Subject: network performance
To: None <,>
From: David Carrel <>
List: current-users
Date: 07/13/1994 23:48:33
Can anyone explain why I am seeing different throughput rates on network
traffic depending on the direction.

I started out testing throughput on my slip link.  I am using ttcp (a tcp
test program).  When sending data TO my machine over a 28.8 modem with DTE
set to 38.4 (the max on the hp300), I see transfer rates of around
3.62KBytes/s (~=36Kbaud).  Pretty nice!  (Obviously I am getting good
compression in the modem.)  But when I tried reversing the direction
(sending FROM my NetBSD machine) my transfer rate dropped to .97KB/s (close
to one fourth).  I tried varying the packet lengths and the socket buffer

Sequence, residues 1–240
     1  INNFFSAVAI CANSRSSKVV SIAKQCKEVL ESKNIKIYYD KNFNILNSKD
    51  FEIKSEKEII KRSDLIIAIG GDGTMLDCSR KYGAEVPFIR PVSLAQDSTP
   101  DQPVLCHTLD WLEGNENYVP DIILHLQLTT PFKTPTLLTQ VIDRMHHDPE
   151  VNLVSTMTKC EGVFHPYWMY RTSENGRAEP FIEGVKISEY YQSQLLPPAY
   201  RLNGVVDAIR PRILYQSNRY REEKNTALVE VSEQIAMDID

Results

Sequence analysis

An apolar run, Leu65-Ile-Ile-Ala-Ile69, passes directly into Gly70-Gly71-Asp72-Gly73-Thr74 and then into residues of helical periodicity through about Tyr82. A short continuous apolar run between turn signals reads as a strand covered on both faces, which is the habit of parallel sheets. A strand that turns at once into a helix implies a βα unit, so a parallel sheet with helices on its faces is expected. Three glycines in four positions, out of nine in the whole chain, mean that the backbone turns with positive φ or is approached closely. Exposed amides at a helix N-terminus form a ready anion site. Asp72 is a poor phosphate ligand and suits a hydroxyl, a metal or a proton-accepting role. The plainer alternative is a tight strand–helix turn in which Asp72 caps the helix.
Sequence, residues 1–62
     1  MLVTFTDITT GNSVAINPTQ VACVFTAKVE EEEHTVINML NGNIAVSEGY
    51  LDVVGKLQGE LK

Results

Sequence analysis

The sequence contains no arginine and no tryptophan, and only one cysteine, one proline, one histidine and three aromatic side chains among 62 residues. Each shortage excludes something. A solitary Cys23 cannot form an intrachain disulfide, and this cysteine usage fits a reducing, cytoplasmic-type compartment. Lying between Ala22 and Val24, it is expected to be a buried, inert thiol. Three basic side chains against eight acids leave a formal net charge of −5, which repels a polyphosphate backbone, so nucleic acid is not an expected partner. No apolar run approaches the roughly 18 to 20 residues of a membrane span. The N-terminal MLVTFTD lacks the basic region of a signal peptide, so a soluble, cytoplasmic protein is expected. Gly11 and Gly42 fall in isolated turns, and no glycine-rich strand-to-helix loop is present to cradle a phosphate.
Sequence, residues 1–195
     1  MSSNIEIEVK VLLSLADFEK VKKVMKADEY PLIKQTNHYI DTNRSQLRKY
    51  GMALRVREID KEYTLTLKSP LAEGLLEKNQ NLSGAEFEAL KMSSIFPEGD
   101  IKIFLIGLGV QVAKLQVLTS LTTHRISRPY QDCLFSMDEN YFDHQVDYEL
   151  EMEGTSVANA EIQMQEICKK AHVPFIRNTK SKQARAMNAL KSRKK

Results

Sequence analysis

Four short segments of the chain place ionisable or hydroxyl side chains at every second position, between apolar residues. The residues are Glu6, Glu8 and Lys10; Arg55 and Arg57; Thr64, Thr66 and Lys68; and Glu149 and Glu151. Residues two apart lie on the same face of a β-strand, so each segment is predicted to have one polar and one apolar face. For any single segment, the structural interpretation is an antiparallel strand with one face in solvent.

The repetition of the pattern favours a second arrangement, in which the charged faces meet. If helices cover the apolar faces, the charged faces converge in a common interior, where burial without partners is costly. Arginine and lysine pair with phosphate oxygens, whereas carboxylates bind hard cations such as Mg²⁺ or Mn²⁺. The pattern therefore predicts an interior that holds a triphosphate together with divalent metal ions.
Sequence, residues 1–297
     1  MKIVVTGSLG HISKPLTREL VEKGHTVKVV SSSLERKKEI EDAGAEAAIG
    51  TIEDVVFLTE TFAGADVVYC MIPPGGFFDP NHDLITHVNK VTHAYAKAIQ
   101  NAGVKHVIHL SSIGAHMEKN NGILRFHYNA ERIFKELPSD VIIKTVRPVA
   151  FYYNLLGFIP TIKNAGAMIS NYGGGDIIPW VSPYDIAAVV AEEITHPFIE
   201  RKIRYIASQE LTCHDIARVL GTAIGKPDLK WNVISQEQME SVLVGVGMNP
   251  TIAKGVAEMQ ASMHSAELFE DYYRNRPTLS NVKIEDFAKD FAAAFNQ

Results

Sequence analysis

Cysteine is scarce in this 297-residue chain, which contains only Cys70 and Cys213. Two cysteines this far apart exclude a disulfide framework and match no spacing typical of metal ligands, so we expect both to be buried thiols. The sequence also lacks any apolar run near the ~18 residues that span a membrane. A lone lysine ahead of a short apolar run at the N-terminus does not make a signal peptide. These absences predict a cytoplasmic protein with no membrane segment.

sizes (socket buffer sizes have an amazing affect on SunOS) but I saw no
appreciable effects under NetBSD.

I tried a similar test over my ethernet, and I noticed about a 10% drop
when sending versus receiving.

Over the slip link, things happen slowly enough that you can watch TCP "as
it happens" by watching the modem lights (you can count the ACKs).  When
sending from NetBSD, there are large periods where nothing is being sent.
It almost appears that TCP is backing too far off.  Seems like a tuning
problem, but I am not a TCP wiz.

My box is an hp375 running NetBSD 1.0-alpha.  (sources from 12 July 94)